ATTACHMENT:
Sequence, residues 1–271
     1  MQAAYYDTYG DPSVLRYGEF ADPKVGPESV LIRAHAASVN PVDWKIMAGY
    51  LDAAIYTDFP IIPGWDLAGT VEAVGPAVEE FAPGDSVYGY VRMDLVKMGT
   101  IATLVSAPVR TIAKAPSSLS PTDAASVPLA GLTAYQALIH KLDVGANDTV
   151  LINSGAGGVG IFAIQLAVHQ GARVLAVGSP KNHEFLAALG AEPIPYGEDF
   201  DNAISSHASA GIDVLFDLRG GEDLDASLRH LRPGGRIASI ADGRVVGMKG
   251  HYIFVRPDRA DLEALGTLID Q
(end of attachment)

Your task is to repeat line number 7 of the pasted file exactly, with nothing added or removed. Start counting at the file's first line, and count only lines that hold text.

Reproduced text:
   251  HYIFVRPDRA DLEALGTLID Q